This article originally featured in the December 2020 issue of Connect.
Carlos Sulpizio (Chiba)
My name is Carlos Sulpizio. I am now a 5th year Assistant Language Teacher (ALT) located in Minamiboso, the most southern part of Chiba. I work mainly at an elementary and junior high school. Although being an English teacher is not my main goal, I absolutely love this job and my students dearly.
My life dream was to be an illustrator in Tokyo. Although elements of that still shine through, I feel that my goals have shifted a bit due to my experience on the JET Programme.
My placement is in the countryside of rural southern Chiba, filled with rice fields, mountains and beaches. This varied environment is full of a wide breadth of exciting painting challenges and gives me a chance to use a broad palette. I decided to paint my surroundings as soon as I arrived. The golden rice fields swaying like waves in the wind, the amazing rainbow palette sunsets, and the beautiful lush mountains were all there for me . . . especially when the homesickness and anxiety kicked in.
My first winter here was very hardーI was going through relationship problems, it was my first time living alone in my life, and the very cold and short winter days were depressing. It is the worst time to make a heavy decision like recontracting. However, I got through it and decided to stay another year. Painting in my house was a great help. I also sometimes made the three-hour trip to Tokyo to meet friends and had different adventures there. When spring came around, I decided to paint outside more often and take advantage of the amazing scenery around me. I also became closer with my community and students. I had a few hanami adventures in Yoyogi Park and painted many sakura.The short lifespan of peak sakura inspired me to go out and paint them in person as much as I could. From there, my method and style gradually began to blossom into what it is today. “Anytime, anywhere” is my motto. I bring my paints and sketchbook with me literally everywhere I go. The only time I part with them is when I am in an onsen. I even have my stuff with me in the classroom, just in case!
Bringing Art into the Classroom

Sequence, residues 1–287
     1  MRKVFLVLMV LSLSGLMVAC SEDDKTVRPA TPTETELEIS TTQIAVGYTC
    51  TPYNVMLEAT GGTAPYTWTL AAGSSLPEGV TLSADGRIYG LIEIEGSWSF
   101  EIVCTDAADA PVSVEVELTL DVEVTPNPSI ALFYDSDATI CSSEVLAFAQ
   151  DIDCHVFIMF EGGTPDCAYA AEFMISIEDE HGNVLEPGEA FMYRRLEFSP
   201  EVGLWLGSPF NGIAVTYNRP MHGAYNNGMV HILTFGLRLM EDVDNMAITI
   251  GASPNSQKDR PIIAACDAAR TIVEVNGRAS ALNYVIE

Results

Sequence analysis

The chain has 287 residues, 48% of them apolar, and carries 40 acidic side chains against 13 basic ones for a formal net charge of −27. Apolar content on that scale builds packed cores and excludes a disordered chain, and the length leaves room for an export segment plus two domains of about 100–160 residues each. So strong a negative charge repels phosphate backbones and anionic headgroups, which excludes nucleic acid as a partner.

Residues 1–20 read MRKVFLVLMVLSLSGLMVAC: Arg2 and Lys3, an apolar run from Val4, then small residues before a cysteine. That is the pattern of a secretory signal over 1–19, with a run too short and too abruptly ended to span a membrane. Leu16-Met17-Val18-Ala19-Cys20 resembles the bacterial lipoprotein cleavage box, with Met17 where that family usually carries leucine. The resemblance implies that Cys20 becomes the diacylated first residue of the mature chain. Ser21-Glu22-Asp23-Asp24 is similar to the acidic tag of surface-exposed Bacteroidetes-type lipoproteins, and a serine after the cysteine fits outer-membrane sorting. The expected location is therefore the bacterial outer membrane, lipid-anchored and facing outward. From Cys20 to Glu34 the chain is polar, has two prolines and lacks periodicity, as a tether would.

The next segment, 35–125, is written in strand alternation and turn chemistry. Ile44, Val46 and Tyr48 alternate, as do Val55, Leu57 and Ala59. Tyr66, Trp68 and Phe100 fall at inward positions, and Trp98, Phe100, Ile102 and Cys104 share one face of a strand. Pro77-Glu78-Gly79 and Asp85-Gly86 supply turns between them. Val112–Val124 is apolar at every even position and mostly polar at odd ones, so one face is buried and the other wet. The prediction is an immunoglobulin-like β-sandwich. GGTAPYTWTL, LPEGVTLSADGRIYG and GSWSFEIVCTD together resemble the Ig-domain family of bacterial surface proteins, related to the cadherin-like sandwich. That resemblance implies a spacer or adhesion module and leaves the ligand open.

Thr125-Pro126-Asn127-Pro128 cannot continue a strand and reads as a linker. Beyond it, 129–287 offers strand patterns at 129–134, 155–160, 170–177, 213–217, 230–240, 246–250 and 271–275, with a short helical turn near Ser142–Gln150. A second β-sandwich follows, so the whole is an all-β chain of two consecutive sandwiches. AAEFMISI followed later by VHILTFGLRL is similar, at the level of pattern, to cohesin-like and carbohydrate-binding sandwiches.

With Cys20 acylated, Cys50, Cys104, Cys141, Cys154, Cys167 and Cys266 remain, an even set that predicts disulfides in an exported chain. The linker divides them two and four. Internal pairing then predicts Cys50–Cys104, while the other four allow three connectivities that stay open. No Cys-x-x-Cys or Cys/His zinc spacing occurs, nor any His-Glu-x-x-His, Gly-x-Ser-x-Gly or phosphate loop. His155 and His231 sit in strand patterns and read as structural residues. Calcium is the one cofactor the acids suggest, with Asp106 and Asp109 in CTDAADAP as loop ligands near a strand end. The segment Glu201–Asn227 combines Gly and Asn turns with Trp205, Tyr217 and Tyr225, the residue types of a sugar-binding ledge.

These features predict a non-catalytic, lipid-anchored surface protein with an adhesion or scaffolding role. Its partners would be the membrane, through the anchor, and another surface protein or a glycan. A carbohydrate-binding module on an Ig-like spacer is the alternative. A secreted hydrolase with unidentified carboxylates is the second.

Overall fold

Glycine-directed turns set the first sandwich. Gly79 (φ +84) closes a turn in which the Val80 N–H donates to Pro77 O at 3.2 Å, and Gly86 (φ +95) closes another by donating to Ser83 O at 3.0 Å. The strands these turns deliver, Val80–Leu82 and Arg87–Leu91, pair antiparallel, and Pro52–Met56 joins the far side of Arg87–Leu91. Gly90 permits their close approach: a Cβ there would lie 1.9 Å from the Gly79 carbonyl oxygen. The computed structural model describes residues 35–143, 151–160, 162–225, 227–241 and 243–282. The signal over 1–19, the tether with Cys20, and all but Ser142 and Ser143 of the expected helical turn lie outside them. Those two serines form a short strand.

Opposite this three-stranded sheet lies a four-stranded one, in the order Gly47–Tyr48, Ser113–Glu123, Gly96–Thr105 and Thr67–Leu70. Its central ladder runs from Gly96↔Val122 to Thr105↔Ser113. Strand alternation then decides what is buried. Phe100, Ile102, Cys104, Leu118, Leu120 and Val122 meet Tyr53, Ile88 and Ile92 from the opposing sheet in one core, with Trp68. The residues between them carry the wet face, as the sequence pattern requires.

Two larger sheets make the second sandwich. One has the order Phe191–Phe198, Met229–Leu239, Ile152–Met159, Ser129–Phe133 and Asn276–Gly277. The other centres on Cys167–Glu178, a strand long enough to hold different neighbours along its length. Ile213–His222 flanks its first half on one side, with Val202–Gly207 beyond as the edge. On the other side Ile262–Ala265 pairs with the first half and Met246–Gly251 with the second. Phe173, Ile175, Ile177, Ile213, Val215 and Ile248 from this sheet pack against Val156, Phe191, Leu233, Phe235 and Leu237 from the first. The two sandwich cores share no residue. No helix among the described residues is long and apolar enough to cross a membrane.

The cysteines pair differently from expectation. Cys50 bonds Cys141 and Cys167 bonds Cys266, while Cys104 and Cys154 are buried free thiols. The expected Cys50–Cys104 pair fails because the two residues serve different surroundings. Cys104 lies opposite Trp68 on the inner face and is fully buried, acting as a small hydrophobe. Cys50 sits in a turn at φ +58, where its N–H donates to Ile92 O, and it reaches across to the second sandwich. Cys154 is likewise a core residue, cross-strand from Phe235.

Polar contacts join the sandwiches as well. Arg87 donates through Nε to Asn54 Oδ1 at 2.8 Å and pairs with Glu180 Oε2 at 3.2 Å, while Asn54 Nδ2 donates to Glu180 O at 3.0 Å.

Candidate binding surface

I am very lucky with my school board and placement, as they have been very supportive of me and my illustration work since the start. When I first came to my school, I showed the teachers and students some of my art, and I guess it established my presence as the “foreigner artist” type of character. It was great for my self-introduction as well, since showing my artwork and university thesis gallery was a great way of talking about myself without too much talking. What I love about the world of image-making is that it transcends language. Anyone from anywhere can understand a feeling from a painting. They can even make their own interpretation of it!
The school also asked me to make the flyer artwork for our school’s undōkai (sports festival), so I did! It was a great experience, and I now do the flyer design every year. The principal frames the originals and keeps them in the school entrance. It is interesting to see the progression over the years.
I often use the blackboard in class, drawing characters that the students like, or explaining a scene from the textbook to do a skit with the students along with myself and the Japanese Teacher of English (JTE). It’s great for listening and understanding practice for all ages.
I also like to encourage my students to draw and doodle whenever they can! Some students show me their sketchbook weekly and ask for comments. I am always blown away by what they are capable ofーand at such a young age! It inspires me to draw even more.
One important thing to note is that it is worth it to ask questions sometimes. Don’t let the fear of “overstepping your boundaries” take complete control of your life. If you want to be more creatively active with your job, ask the school if it’s ok to drop in on an art class! Doodle more and share it! If you’re musical, maybe stick around with the brass band, or play the piano when the kids leave. Don’t think of yourself as a burden; your placement is lucky to have you. I asked my supervisor if I could do illustration work outside of the school, knowing that my contract says we can’t. He told me I could do so as long as no single transaction exceeded 100,000 yen. Of course every situation is different, but I think it is worth it to ask instead of fearing the unknown. I even sometimes leave the staff room and paint the beautiful nature surrounding my mountainside school (provided I have finished all other work) during periods with no classes. Deskwarming is a beautiful thing if you apply a sense of direction to it!